How to Deal with the Worst People in Your Workplace

In a work environment, it’s almost impossible to get along with everyone. And regardless of the reason why certain people rub you the wrong way, it’s important not to let your frustration get the better of you.

So, whether it’s an overly chatty co-worker or a dictator-like boss, here are six quick tips to help you deal with people that grate you. Because no one wants to live in a constant state of infuriation.


Understand why they annoy you


The first point in dealing with people who annoy you is being aware of why. Is it their motives? Their attitude? Their methods?

If people don’t think the same way as you, that’s no reason to be annoyed. The best collaboration comes from people who think differently to you so there’s a bigger pool of ideas and inspiration to work with. Nail down why it’s so frustrating and it won’t feel like such a battle.


Speak the same language


Some of the biggest frustrations arise because of communication breakdowns. Be clear and concise in your interactions in person, over the phone and via email. This leaves little room for misinterpretation.

Find out how your boss best likes to communicate and when the best time for talking is. There’s nothing worse than interrupting someone at a bad time.


Focus on a specific issue


One of the worst things you can do in a work (or personal) environment is to let individual issues or problems build up.

It’s not productive for you to deal with a lump sum of problems, and it’s not fair on who you’re getting angry at if they’re unaware of previous mishaps. Deal with one problem at a time. It’ll stop the feelings of resentment and anger.


Build a positive relationship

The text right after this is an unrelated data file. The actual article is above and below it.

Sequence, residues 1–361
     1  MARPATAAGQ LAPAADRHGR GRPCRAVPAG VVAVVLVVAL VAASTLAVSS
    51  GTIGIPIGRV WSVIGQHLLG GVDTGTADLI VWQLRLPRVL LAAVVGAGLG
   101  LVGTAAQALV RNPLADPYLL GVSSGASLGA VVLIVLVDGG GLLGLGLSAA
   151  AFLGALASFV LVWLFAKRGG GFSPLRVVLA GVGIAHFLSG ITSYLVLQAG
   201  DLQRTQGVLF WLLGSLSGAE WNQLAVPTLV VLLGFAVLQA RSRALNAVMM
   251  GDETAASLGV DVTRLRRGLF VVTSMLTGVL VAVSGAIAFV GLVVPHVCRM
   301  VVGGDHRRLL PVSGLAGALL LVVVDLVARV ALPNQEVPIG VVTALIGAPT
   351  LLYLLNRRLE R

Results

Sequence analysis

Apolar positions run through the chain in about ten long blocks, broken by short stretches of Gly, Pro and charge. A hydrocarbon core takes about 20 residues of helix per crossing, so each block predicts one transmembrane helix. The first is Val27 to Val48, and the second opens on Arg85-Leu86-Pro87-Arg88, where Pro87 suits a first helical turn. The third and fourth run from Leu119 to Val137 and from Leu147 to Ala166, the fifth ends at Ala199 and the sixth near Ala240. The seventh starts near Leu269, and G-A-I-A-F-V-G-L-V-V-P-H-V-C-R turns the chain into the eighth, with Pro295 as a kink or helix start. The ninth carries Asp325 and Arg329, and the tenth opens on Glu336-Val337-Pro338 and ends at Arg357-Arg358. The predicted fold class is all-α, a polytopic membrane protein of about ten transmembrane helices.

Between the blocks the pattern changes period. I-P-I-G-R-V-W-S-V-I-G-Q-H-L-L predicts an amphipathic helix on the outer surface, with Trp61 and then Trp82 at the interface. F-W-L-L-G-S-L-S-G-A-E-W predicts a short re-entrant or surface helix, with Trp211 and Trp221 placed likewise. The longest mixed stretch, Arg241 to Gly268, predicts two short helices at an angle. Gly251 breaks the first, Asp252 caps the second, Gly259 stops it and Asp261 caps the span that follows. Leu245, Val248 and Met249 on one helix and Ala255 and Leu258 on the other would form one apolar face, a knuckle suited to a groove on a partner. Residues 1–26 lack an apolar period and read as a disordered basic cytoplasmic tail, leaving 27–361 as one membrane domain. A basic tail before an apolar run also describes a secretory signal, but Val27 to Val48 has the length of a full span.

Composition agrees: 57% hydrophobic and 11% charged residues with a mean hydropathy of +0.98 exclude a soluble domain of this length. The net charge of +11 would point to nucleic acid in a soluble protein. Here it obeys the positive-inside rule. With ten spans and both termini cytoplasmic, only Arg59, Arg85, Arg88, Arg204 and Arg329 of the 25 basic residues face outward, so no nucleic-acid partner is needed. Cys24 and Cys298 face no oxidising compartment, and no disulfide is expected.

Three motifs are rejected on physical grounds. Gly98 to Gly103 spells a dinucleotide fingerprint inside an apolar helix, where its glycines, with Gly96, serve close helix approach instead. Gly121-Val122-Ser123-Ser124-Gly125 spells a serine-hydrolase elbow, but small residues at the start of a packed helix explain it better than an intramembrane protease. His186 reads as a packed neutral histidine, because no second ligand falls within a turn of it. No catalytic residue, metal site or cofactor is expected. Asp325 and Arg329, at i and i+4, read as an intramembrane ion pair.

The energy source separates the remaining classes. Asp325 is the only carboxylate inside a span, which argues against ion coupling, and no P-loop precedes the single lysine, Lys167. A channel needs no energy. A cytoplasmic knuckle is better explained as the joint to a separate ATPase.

People are more likely to work harder for someone they like and respect. And if you’ve got a good relationship with them, it’s going to be a lot easier to sit down and talk about things. For example, if someone’s annoying you because they can’t meet deadlines, it’s easy to have a chat about whether they need extra support if you have a good understanding of each other.

This doesn’t mean you have to be mates with everyone, but at the end of the day, we spend more time with our colleagues than our family, so you may as well try and support each other. It’ll make everyone’s lives and jobs easier.


Look at yourself


This one is hard to admit, but sometimes the problem might not just be one-sided. Take an honest look at yourself. Are your expectations realistic?

If you’re frustrated at the speed of other people, maybe you’re being a little impatient. maybe you’ve got to work on compromising and negotiating a little better. Often the easiest thing to change is yourself.


Go around them


Finally, sometimes it just happens that someone is impossible to work with. If all else fails, be calm when looking at alternatives. Is there a manager or someone else you can talk to? Is shifting teams a viable solution?

Make sure you’ve thought of some realistic options that will enable you to cross paths with this person less. A lot of frustration we feel is unnecessary, and if the trigger can be removed, the happier you’ll be.